Wednesday, April 25, 2012

Someone Who'll Watch Over Me at Southwark Playhouse

An Irishman, an Englishman and an American. The set up for Frank McGuinness’ play sounds like the opening line of a joke – which is fitting, as humour plays a vital role in this intense three-hander set during the Beirut hostage crisis. Laughter keeps the characters sane; it’s their best defence against the situation in which they have found themselves – to cry, to scream, to beg, would be to let their captors win.

The play is also a celebration of the imagination. The three hostages, Adam, an American doctor, Edward, an Irish journalist, and Michael, a widowed English academic, gain a degree of freedom in this way: through fantasy, through the sharing of stories. The men re-enact famous tennis matches, they compose letters home which they know they can never send, and they take a ride in a flying car: in this way, briefly, they soar, for a few fleeting moments they leave their dark, windowless world behind.

These three disparate men, thrown together, stripped of all they own and know, sweat-stained and unshaven, are each other’s only means of support. They come to respect one another and maybe even to love one another. Robin Soans’ Michael is the last to arrive. A bond has already formed between Billy Carter’s Edward and Joseph Timms’ Adam; they know each other’s habits, fears and dreams. Initially Michael and Edward clash, they rub each other up the wrong way, they make little digs at the other’s expense. In part it’s an Irish/English thing, a cultural chasm they make little effort to bridge. Michael in particular is written (and played), at least at first, as a stereotypically fusty, emotionally limited Englishman of a certain era, fond of tea and a nice glass of sherry, but as their situation becomes even more fraught and desperate, their relationship becomes warmer. A rare tenderness develops between the two men, the kind of connection that can only be classed as love.

The play, a fictionalised version of the hostage ordeal of Brian Keenan and John McCarthy, covers a period of years; the passing of time is marked by bursts of violent white light. There’s something Beckettian about their situation – the endless waiting, the little rituals and routines, the idea that the freedom they yearn for may never come – but McGuinness is also alert to the psychological reality of confinement. The slow erosion of Adam’s emotional strength is upsetting to watch; he turns increasingly inwards, his confident fa├žade falls away revealing his fears and weakness.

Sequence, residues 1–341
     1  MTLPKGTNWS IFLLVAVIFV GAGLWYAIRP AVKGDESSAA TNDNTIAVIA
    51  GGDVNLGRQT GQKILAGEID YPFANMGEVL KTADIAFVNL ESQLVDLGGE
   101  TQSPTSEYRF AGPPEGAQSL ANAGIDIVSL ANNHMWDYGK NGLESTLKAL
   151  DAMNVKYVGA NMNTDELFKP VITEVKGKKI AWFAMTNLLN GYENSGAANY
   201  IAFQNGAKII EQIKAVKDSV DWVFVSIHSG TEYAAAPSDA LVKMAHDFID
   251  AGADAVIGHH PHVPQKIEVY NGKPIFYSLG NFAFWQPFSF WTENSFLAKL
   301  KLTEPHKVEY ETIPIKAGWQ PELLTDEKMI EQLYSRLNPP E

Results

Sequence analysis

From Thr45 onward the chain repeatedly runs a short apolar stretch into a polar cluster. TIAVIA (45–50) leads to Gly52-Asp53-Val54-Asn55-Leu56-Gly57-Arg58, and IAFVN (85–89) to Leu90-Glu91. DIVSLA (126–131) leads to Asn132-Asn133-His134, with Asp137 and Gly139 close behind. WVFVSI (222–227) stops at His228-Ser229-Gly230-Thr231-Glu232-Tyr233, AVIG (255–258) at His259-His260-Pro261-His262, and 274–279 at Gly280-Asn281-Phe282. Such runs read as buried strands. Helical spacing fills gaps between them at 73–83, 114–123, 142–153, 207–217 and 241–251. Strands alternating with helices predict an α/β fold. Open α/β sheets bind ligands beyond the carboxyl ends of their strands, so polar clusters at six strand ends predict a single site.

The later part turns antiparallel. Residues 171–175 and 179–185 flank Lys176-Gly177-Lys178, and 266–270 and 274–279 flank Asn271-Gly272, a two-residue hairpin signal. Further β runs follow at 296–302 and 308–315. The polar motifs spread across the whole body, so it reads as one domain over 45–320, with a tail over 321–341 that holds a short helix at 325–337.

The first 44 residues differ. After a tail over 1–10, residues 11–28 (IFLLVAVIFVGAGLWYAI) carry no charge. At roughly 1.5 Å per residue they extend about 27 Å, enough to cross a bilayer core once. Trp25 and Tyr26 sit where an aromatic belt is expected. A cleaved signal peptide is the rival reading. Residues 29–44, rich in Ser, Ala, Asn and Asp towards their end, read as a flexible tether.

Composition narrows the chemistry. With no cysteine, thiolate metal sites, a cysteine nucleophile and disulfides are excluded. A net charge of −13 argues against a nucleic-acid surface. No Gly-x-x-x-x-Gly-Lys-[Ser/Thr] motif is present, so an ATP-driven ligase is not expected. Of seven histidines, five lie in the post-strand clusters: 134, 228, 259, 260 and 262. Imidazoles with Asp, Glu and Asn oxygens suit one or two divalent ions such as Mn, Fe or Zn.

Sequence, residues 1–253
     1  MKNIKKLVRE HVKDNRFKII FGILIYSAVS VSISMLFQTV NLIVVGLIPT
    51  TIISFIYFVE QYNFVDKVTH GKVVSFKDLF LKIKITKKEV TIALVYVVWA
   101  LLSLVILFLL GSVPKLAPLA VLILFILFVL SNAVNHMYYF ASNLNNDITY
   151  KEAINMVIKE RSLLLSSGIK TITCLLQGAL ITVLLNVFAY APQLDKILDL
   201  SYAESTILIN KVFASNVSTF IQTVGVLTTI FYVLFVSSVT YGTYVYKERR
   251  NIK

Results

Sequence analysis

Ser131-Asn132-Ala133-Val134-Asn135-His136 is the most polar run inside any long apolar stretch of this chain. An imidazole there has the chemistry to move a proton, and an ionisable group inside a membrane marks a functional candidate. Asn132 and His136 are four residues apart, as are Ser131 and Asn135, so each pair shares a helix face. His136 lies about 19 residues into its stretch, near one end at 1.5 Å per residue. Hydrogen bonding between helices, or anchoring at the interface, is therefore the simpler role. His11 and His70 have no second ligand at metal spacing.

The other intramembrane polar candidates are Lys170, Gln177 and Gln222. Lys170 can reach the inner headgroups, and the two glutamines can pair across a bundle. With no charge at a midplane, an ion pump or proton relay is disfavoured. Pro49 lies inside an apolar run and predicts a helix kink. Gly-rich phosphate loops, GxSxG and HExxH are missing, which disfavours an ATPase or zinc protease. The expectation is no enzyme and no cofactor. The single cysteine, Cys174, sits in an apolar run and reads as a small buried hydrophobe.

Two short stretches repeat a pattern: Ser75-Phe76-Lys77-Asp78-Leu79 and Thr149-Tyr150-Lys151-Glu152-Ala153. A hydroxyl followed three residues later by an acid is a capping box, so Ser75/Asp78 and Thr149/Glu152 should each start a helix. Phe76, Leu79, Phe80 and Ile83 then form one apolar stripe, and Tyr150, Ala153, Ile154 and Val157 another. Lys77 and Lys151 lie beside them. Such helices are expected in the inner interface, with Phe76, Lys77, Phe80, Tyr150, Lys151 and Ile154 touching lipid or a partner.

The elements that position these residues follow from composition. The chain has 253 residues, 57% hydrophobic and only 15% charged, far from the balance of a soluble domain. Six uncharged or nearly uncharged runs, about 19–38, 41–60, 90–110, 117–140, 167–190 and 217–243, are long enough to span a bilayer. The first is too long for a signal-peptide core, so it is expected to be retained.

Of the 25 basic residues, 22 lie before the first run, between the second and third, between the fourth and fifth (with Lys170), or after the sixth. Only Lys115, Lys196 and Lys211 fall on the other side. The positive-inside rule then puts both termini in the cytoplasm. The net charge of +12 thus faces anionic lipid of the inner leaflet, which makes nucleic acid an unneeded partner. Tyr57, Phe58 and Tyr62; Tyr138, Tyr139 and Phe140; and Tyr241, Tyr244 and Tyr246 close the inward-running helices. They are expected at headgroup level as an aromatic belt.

Jessica Swale’s consistently engaging production – which marks the play’s twentieth anniversary – emphasises the venue’s capacity for claustrophobia; she uses black curtains to reduce the performance space and to force the characters even closer together. The trains which regularly rumble overhead become part of the fabric of things. As the three men cast glances at the ceiling where their unseen captors sit, the overhead roar and whine, the grind of metal on metal, takes on an increasingly ominous air.

Swale also draws excellent performances from her cast. Soans soon transcends the limitations of his buttoned-up character and Timms subtly conveys Adam’s increasing fragility, his deliberate drawing away from the others as he comes to terms with the fact that, as an American, he stands to suffer most. Billy Carter has the most complex role; as Edward, he is brash, quick-tempered and combative but also compassionate, capable of gentleness, in many ways the most robust of the three.

McGuinness’ play deliberately keeps the politics of the situation at arms’ length, but its emotional charge comes from this sharpness of focus, this blotting out of all else save for these three men, their cramped subterranean cell and the stories they tell each other in order to survive.
Reviewed for Exeunt

Tuesday, April 24, 2012

Misterman at the National Theatre

Enda Walsh’s plays are full of acts of retelling and returning. Characters relive the same moments over and over again, they get tangled in their own stories.

Thomas Magill, the protagonist of Misterman, has populated his world with voices, both from on high and from within. (The play is itself an act of revisiting, a revised version of a piece first performed in 1999). Through a series of tape recordings Thomas has recreated the village of Innisfree where he lives a life of quiet routine with his mother, a life of tea, biscuits, three-bar gas fires and Vicks VapoRub, and is an object of considerable local derision. Sometimes he interacts with these recorded voices, sometimes he acts out a dialogue with himself.

On the day of the Innisfree Community Dance, Thomas sets out from his mammy’s house to restock her stash of Jammie Dodgers and meets a series of neighbours along the way. Each encounter emphasises his isolation. Thomas has a very narrow view of human morality; he believes that people have strayed far from the path (“greed is our communion, sin our religion”) but they are not incapable of being saved – and that he has it in him to save them. Yet his neighbours at best fail to share his zeal, at worst they abuse and taunt him. He jots down their transgressions in a little notebook he carries for the purpose. Things finally change for Thomas when he gains a companion in his mission, an angelic figure called Edel.